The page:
In December 2011, New Jersey Governor Chris Christie signed legislation that enables patients to indicate their wishes regarding life-sustaining treatment through the practitioner/physician orders for life-sustaining treatment (POLST) form. POLST is a medical order that is completed by a physician or an advance nurse practitioner (APN) and is intended for patients with life-limiting illnesses. The advance planning tool POLST should be established and utilized complementary to, not in place of, advance directives.
Under New Jersey’s basic advance directive form, there are two components: a proxy directive (a durable power of attorney for health care) and an instructive directive (a living will). As mentioned in a previous article, advance directives allow an individual to plan and communicate their end-of-life decisions in the event that he or she loses the capacity to do so. All adults should have an advance directive as it allows the appointment of a surrogate to speak on the behalf of the individual when he or she is unable to do so.
An advance directive does not provide medical orders, but rather provides an idea of treatments one wishes to have in medical emergencies in which they cannot communicate. When someone is incapacitated, the health care system will review the advance directive and communicate with the appointed surrogate to develop a treatment plan. Without an advance directive, and depending on what state one resides in, there may not be anyone who can be put in place to make medical decisions on behalf of the incapacitated individual, or it may be unclear who that individual is.
A POLST is mainly applicable to those who are very elderly or are suffering from a terminal illness. The threshold to determine if a patient qualifies to complete a POLST is if, according to the medical team, there is a likely chance that the patient would pass away within one year. Once a POLST is completed, it becomes part of a patient’s medical records, following the patient through multiple health care settings, including hospitals, nursing homes and hospice.
There are several issues that arose with the implementation of advance directive statutes, one being that advance directives are often drafted at the time when someone establishes their estate plan. These important legal documents are often secretly tucked away from public eyes, thereby negating the goal of communicating end-of-life decisions directly with an appointed surrogate. The advance directive also only comes into play if and when the individual becomes incapacitated. If the advance directive does not specify that a conversation needs to be held between the individual and their appointed surrogate upon the document’s completion, then there is a risk that the appointee will not act in accordance with the person’s true preference.
An unforeseen conflict may also arise when medical practitioners are asked to interpret the lengthy legal documents they might not be prepared or have time to review carefully. Additionally, estate planning attorneys often draft legal documents thoroughly, whereas medical professionals prefer that the instructive directive be a simple statement of one’s basic philosophy about life-sustaining interventions and the use of technological advances. Medical professionals advocate that the critical component to advance directives is the appointment of the surrogate, or spokesperson. This individual will work closely with the doctors and nurses to determine what is in the best interest of the individual.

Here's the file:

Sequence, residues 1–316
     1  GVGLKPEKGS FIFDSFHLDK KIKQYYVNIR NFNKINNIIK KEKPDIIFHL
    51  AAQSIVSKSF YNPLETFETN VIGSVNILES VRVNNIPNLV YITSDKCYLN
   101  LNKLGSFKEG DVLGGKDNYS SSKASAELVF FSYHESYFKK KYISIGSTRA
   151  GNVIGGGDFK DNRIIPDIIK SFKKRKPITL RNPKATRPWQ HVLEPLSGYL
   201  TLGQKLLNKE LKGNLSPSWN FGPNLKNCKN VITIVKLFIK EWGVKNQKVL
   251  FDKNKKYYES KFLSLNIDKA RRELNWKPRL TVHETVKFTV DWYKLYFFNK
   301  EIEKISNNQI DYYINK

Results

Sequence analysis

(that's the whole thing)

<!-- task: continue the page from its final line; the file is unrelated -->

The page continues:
POLST was created to address many of these issues. In the instance when death is a likely reality, not just an eventual event, POLST shifts the burden from the attorney to the medical practitioner. In end-of-life circumstances, the health care professional is in the best position to address the consideration of life-sustaining treatment, ineffective interventions, and quality-of-life assessments. POLST acts as a consolidated set of medical guidelines that are the result of a conversation between the patient, who has a life-limiting condition, and the physician or APN. It specifically addresses medical treatments, artificial fluid, airway management, and cardiopulmonary resuscitation. The form can be transported and is honored across all care facilities.
In the New Jersey POLST form, there is a surrogacy provision that calls for the appointment of a health care decision maker in the event the patient becomes incapacitated. A provision to specify anatomical gifts is included as well. The POLST must be signed by both the patient or the designated proxy and the physician or APN who has participated in the discussion. Once signed, the document is operational.
As mentioned previously, POLST is neither an advance directive nor a replacement for these legal documents. However, both POLST and advance directives are advance caring documents that are helpful in communicating a patient’s wishes when used appropriately. It is important that, when an individual considers putting together advance directives, he or she consults an experienced New Jersey estate planning attorney who can assist you with the drafting, adoption and execution of these legal documents and will help to ensure that all necessary information is included.
The New Jersey estate planning attorneys at Hunziker, Jones and Sweeney, P.A. can provide assistance in putting your legal, financial, and medical affairs in order to avoid legal complications requiring court intervention. For more information or to schedule a consultation, call (973) 256-0456 or fill out our contact form.